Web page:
Jewish Sabbath Elevator Rules

Jewish Sabbath Elevator Rules | What You Need To Know

According to the Jewish Law, it is forbidden to use electricity on the Sabbath. Thus, they came up with the idea to make automatic elevators that stop at every level. 

By doing this, one is not bound to press a button and thus, use electricity. 

These elevators, operated automatically to comply with Jewish law, have become a lifeline for observant Jews around the world.

In this article, we will explore the history, operation, and locations of Shabbat elevators, as well as their significance in accommodating the needs of observant Jews.

Electricity Not To Be Used on the Sabbath

In the Jewish Law, it is forbidden to use electricity on the Sabbath. This commandment is said to come from Exodus 35:3 in Orthodox Judaism.

Ye shall kindle no fire throughout your habitations upon the sabbath day. 

Exodus 35:3 

The Jewish people have interpreted this verse and accommodated it to the modern times in which we live. 

How biblical this interpretation is is debatable. 

Back when the Israelites were in the wilderness, God told them to keep holy the seventh day, the Sabbath! 

See, for that the LORD hath given you the sabbath, therefore he giveth you on the sixth day the bread of two days; abide ye every man in his place, let no man go out of his place on the seventh day. 

So the people rested on the seventh day. 

Exodus 16:29-30 KJV

In this context comes the commandment to “kindle no fire” on the Sabbath day!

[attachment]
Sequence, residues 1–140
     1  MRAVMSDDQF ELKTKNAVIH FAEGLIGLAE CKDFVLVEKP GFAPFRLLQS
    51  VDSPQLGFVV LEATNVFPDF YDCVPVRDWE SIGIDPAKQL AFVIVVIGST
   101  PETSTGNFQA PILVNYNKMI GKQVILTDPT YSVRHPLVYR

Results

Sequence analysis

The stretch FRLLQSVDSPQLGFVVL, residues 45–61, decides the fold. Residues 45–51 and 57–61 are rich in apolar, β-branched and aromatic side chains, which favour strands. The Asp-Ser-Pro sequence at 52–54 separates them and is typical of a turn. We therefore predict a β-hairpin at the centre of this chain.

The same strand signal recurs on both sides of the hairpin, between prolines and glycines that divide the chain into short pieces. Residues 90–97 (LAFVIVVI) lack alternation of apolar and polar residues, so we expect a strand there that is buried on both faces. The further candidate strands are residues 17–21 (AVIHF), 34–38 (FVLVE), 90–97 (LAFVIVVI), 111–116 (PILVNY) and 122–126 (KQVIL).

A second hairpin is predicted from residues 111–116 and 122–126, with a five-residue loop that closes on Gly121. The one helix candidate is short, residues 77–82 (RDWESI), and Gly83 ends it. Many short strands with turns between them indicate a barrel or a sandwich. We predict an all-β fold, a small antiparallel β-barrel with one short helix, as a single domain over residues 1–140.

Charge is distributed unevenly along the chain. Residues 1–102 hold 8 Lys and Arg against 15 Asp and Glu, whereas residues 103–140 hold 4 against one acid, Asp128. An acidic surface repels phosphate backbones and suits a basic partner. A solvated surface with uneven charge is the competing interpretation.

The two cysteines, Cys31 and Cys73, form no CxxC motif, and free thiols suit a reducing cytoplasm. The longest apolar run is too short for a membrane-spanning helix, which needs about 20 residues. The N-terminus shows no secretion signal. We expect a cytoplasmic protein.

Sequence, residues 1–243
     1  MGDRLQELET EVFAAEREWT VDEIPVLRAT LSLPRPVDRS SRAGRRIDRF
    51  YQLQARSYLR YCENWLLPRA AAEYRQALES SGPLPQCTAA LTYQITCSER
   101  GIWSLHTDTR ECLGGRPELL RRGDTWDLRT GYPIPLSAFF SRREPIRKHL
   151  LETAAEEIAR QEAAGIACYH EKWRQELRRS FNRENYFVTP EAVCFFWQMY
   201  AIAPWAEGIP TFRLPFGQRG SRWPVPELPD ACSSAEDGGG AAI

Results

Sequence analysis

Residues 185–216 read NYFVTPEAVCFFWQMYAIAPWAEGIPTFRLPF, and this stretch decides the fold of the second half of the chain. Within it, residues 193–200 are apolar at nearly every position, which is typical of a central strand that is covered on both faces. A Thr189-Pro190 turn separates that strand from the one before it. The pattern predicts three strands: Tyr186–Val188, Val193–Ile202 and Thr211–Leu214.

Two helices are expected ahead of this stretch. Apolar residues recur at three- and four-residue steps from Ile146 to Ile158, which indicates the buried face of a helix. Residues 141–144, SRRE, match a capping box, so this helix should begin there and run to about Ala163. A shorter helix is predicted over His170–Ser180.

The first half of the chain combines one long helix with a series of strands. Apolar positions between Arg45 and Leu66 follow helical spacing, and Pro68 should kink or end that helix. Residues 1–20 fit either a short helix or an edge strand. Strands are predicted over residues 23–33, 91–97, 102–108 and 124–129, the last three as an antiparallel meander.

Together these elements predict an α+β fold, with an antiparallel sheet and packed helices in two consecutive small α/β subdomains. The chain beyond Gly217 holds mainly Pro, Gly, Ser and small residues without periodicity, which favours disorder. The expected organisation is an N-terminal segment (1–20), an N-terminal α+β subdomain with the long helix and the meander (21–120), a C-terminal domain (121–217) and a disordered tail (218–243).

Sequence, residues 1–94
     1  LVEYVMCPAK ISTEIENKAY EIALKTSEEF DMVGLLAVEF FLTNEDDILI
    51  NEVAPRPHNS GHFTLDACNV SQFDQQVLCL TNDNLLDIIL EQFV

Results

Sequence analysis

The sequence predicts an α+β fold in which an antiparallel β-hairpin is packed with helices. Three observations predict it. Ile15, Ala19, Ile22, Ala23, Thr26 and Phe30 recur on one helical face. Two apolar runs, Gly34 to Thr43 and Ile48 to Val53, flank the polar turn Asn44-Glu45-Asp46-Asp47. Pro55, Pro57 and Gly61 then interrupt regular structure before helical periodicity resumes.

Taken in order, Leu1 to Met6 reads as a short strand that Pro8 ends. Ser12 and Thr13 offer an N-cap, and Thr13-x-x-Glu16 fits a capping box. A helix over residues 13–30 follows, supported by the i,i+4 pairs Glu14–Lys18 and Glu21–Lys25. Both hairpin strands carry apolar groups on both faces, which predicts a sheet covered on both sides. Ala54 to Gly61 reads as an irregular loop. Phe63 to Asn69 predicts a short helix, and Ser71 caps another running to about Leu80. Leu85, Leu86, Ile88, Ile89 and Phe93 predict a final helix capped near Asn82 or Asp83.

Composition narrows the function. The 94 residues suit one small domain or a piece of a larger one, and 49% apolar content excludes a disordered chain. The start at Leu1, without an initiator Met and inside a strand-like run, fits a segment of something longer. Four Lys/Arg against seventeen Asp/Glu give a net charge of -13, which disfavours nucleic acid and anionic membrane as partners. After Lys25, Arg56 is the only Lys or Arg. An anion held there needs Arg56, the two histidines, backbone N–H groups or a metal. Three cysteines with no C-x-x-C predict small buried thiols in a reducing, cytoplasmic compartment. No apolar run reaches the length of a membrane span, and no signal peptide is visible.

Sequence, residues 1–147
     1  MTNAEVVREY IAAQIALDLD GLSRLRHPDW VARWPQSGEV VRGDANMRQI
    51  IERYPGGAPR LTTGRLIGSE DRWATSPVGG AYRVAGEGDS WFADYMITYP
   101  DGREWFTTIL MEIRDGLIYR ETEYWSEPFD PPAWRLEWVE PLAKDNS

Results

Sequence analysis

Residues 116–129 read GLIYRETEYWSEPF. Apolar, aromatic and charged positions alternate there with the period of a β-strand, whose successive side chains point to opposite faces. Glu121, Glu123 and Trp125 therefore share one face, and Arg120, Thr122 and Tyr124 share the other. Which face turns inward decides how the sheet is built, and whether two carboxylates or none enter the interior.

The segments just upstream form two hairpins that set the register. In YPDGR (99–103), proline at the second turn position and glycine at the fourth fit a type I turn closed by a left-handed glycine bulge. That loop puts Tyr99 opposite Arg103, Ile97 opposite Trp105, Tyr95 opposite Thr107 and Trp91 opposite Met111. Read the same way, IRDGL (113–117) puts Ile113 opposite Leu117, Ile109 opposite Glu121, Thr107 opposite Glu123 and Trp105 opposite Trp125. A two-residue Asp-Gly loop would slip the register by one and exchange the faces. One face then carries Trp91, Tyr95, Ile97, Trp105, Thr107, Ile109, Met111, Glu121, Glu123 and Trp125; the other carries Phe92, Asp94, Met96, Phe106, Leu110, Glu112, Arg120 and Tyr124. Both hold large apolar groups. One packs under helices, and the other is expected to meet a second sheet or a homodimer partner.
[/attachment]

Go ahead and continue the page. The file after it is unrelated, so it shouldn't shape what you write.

Kindling Fire on the Sabbath

In those circumstances, you had to go out, and gather wood in order to kindle a fire, which would be considered work and punished by death! (Numbers 15:32-36).

Yet, nowadays, and in the context in which most of us live, we reasonably do not think that that principle applies anymore if you live in a modern apartment for example.

If you need to switch on a light on the Sabbath we do not think that would be a break of any commandment.

Yet, if you live in the country and have to gather wood to make a fire, then, yes, it would be considered work!

Description and History of Shabbat Elevators

You may frequently encounter Shabbat elevators in various locations, such as hotels, hospitals, apartment buildings, and synagogues, designed to accommodate the needs of observant Jews on the Sabbath.

These elevators hold great significance in Jewish communities, as they play a crucial role in enabling Sabbath observance.

According to Jewish law, operating electrical switches on the Sabbath is prohibited. 

Shabbat elevators provide a solution for this dilemma by automatically stopping at every floor, allowing people to enter and exit without pressing any buttons.

This ensures that observers of Jewish law can use elevators without indirectly violating the Sabbath restrictions.

The impact of Shabbat elevators on Sabbath observance is significant, as they provide a practical and convenient solution for Jews who rely on elevators in their daily lives.

Locations Where Shabbat Elevators Can Be Found

Shabbat elevators can be found in various locations, including hotels, hospitals, apartment buildings, and synagogues, providing a practical and convenient solution for observant Jews on the Sabbath.